Brian Jennings, a Long Snapper who went to a Pro Bowl in 2004.

Casey Hampton, a Nose Tackle who went to five Pro Bowls and won two Super Bowls with the Pittsburgh Steelers.

Chris Cooley, a Tight End who spent his entire career with the Washington Redskins earning two Pro Bowls.

Chris Hope, a Safety who went to one Pro Bowl and won a Super Bowl with the Pittsburgh Steelers. 

Donald Driver, a Wide Receiver who went to four Pro Bowls and helped the Green Bay Packers win a Super Bowl.

Jamaal Brown, an Offensive Tackle who went to two Pro Bowls and earned a First Team All Pro spot.

Kyle Vanden Bosch, a Defensive End who went to three Bowls.

Leonard Davis, an Offensive Lineman who made it to three Pro Bowls.

Marcus Trufant, a Cornerback who spent most of his time with the Seattle Seahawks and went to the Pro Bowl once.

Nate Clements, a Cornerback who went to one Pro Bowl.

Nate Kaeding, a Place Kicker who was chosen for two Pro Bowls.

Todd Heap, a Tight End who went to two Pro Bowls and was once named the NFL Alumni Tight End of the Year.



We will be continuing our work on the football futures and you will be seeing that shortly.  In the meantime we are hopeful that we will receive your input and votes on this batch of future eligible football players.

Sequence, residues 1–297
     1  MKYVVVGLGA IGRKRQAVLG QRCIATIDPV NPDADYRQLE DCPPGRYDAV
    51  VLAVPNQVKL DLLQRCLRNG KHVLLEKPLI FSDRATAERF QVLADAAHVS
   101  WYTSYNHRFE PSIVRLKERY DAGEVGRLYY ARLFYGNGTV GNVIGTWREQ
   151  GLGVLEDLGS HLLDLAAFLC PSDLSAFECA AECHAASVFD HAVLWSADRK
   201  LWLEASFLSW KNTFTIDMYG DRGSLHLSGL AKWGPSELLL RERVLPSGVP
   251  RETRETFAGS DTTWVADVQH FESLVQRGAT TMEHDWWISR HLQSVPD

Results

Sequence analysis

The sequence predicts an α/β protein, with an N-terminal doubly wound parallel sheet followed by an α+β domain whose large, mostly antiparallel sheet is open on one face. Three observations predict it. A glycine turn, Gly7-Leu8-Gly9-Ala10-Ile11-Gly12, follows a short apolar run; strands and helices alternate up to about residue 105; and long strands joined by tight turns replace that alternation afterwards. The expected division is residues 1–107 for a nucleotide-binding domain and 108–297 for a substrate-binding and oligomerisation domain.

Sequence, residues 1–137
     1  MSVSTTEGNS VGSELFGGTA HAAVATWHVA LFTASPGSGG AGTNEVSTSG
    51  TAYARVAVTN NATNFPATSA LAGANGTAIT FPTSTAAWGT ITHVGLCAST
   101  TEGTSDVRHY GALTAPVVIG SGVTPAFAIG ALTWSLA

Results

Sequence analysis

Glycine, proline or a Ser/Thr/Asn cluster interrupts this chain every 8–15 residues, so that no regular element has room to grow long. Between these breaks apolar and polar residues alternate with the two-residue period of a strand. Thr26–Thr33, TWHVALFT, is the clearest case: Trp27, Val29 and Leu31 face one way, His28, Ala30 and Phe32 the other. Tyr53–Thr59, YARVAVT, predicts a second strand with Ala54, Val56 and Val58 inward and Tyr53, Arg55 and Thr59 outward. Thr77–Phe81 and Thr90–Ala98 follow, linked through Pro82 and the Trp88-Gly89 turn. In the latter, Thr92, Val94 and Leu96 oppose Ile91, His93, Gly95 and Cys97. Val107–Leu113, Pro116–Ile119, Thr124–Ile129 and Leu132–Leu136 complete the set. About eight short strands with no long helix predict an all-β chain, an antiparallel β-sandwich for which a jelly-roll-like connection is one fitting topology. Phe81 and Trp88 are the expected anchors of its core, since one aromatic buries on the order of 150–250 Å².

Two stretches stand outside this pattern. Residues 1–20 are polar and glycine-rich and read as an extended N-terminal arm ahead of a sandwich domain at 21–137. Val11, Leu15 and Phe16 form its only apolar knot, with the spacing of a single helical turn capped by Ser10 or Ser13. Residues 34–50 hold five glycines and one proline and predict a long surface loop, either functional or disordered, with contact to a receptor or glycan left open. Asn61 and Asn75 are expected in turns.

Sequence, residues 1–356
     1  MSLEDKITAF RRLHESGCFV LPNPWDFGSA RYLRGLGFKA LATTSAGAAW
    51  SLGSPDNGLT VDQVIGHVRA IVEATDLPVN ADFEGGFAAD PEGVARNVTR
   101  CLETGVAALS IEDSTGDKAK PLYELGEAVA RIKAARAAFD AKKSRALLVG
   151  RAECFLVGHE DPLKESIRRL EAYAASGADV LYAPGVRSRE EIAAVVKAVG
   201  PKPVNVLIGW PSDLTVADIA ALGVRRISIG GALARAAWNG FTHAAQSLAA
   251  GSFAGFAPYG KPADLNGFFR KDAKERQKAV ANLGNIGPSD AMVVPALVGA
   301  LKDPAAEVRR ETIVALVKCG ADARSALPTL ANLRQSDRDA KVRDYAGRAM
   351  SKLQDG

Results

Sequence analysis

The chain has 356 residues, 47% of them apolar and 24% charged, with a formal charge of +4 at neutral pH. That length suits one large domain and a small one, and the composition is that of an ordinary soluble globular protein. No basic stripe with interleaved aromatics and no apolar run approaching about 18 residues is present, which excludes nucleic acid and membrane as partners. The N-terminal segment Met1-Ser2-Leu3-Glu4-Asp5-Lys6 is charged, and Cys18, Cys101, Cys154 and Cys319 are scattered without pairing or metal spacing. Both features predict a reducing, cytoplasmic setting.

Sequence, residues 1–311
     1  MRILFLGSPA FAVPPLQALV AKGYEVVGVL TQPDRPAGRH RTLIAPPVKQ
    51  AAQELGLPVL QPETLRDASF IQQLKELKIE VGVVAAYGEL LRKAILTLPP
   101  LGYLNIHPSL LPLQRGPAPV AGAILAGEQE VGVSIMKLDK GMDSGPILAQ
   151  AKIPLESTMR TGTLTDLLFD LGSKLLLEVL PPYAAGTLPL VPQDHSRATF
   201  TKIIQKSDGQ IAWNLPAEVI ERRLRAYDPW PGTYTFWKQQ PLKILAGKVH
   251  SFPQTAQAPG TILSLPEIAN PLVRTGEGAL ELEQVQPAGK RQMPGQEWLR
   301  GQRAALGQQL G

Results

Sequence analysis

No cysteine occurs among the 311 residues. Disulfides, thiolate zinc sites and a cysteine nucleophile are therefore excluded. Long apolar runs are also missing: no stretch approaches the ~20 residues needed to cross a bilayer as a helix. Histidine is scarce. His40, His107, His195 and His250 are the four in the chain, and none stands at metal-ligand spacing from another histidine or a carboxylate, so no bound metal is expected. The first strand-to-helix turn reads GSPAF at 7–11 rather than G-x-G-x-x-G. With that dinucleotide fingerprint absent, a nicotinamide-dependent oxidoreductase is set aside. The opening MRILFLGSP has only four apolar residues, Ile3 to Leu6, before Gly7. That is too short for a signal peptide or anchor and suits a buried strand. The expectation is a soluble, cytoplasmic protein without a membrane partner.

Yes, we know this is a very slow process!

We have another Top 50 All Time to announce and we have returned to the National Football League, specifically the NFC North, where we tackled the monstrous legacy of the Green Bay Packers and the Detroit Lions previously.  This time we look at their division rival, the Minnesota Vikings.

Minnesota went to four Super Bowls in the 1970’s, all in losing efforts, but to get to that many title games you know that team was loaded with talent in that era.  Not surprisingly, that is where many of our Top 50 come from.

This was a very hard process for us, perhaps the hardest one to date!

The entire list begins here:

We invite you to click through to see where Fran Tarkenton, Adrian Petersen, Cris Carter, Alan Page and Randy Moss are, but we will tell you who we ranked #1, and we know it will shock you a little.

It is Hall of Famer, Carl Eller.

We bet while you weren’t expecting that one, were you?

This list is up to the end of the 2015 Season.

We look forward to your feedback and remember the intent is to change this annually, so your opinions and comments do matter!
The core of our Notinhalloffame.com has always been our sports lists.  As such, it is with great pride that we have updated our Pro Football Hall of Fame list of those to consider for enshrinement in Canton, Ohio

The 2017 Hall of Fame Class added five players who we had listed (LaDainian Tomlinson, Jason Taylor, Terrell Davis, Kurt Warner and Morten Andersen), and we did not have trouble replacing them.  Actually, we have increased our 100 slightly to 103, for an impending increase in the months (ok, maybe years to come).

The revised ranking is based on your votes and comments and the addition of newly eligible former players.
Let’s get right to it!